Local experimental musician Corey J. Brewer will create a new score for Stanley Kubrick's The Shining for the next Puget Soundtrack at Northwest Film Forum (Friday, December 1). But this isn't The Shining as Kubrick originally intended you to view it; rather, it's former Excepter member John Fell Ryan and Akiva Saunders's Forward & Backward revamp, its images superimposed for maximal psychedelic effect. Such a twist plays well into Brewer's predilection for sampling and scrambling source materials. For Puget Soundtrack, he will interweave new compositions with remixes of classical pieces by Béla Bartók and Krzysztof Penderecki that were deployed in the original score.
How old were you when you first watched The Shining, and how did it impact you? Where does it stand in your pantheon of horror films?
I first saw The Shining when I was maybe 9 or 10. I’d been binge-reading anything Stephen King-related, so my parents figured I could watch the movies. It was the scariest thing I’d ever seen and I've seen it countless times since then.
What motivated you to want to create an alternate soundtrack for it?
Honestly, if I was approaching the original film, I wouldn't even bother; the original soundtrack by Wendy Carlos and Rachel Elkind is simply perfect. It would be silly to try to improve upon Penderecki and Bartók, but with the Forward & Backward version, I'm looking at it as a postmodern collage, a remix. So that is really liberating and opens it up to all sorts of new ideas.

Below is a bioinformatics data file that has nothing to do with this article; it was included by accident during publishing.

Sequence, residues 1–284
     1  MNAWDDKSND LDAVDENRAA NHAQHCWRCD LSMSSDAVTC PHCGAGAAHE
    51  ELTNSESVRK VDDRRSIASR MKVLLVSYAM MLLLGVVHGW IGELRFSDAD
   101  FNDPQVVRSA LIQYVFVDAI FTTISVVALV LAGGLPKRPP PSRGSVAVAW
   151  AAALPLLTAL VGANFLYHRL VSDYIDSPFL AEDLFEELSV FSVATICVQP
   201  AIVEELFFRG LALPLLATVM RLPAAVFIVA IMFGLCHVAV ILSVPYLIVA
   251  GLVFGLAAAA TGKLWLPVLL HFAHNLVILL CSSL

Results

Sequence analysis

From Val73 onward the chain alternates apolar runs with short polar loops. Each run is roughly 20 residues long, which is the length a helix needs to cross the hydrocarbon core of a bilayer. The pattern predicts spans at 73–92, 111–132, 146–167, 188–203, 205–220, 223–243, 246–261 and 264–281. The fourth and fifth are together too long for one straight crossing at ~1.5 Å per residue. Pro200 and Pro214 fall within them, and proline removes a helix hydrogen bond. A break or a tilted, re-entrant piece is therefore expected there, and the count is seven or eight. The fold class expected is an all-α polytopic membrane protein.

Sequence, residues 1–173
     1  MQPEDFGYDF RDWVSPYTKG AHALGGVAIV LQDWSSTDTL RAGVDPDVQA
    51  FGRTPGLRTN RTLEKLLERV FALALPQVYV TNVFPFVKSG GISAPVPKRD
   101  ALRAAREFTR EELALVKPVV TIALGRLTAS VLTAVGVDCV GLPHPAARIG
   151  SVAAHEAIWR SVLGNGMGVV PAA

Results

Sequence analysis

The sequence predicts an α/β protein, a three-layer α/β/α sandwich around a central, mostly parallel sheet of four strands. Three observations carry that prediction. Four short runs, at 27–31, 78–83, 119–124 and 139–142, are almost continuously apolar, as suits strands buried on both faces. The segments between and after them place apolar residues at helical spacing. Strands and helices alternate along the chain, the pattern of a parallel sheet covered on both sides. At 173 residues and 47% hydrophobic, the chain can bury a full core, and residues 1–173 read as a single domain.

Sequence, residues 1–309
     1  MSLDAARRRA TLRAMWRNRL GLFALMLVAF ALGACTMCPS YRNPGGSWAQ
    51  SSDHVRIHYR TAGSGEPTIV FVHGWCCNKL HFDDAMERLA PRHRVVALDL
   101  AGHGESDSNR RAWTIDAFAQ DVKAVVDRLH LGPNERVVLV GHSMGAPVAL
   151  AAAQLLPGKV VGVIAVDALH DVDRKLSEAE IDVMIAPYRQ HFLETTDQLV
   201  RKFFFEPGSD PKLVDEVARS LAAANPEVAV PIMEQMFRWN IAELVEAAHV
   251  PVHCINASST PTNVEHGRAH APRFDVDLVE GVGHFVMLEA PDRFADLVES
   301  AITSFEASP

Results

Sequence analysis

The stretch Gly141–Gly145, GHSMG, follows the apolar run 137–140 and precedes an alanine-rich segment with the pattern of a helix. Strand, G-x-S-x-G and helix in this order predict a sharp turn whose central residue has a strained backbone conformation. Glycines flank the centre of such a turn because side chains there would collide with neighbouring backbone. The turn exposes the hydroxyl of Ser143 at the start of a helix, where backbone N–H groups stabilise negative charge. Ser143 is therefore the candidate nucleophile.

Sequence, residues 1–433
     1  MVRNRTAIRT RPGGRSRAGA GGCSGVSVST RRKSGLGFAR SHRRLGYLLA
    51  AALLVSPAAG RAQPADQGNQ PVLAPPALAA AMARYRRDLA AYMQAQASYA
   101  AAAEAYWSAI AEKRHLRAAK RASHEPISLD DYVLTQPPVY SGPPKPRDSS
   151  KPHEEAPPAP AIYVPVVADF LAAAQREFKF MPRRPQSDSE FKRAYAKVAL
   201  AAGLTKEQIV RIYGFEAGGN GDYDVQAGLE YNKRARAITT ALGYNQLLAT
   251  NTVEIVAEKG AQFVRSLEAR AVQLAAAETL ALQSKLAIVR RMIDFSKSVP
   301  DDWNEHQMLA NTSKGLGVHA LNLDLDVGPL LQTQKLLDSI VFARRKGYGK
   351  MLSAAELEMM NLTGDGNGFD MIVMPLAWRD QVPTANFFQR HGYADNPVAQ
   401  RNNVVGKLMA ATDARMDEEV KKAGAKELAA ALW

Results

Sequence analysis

What was the greatest challenge you faced while working on The Shining Forward & Backward?
There are a few scenes where the original score is quite loud and isolating the dialogue completely was impossible, so in those scenes I've created new pieces of music built out of samples of the score. Trying to imagine how the Bomb Squad would approach Bartók.
What’s your instrumental palette for this project?
Aside from samplers, I'm using sounds that would evoke the big band era: piano, clarinet. Also waterphone, and a prepared autoharp: lots of old-school haunted-house sounds that got used in radio plays. At its most basic level, it's a movie about a haunted hotel, so I'm trying to keep that in mind.
How are you dealing with blood deluging the hotel hallway scene, which I think is one of the most chilling in cinematic history?
I feel like this being the first vision Danny has of the Overlook, that it represents the hotel's deepest desire. It is the hotel's "loudest" message. I'm trying evoke that, its heart pumping an ocean of blood.
Have you ever done soundtrack work before?
This is my first solo soundtrack, but I've worked in ensembles for Clyde Petersen's Torrey Pines and with Lori Goldston for her live score series at the Frye last year. I just finished a solo album and I'm currently working on two other film scores.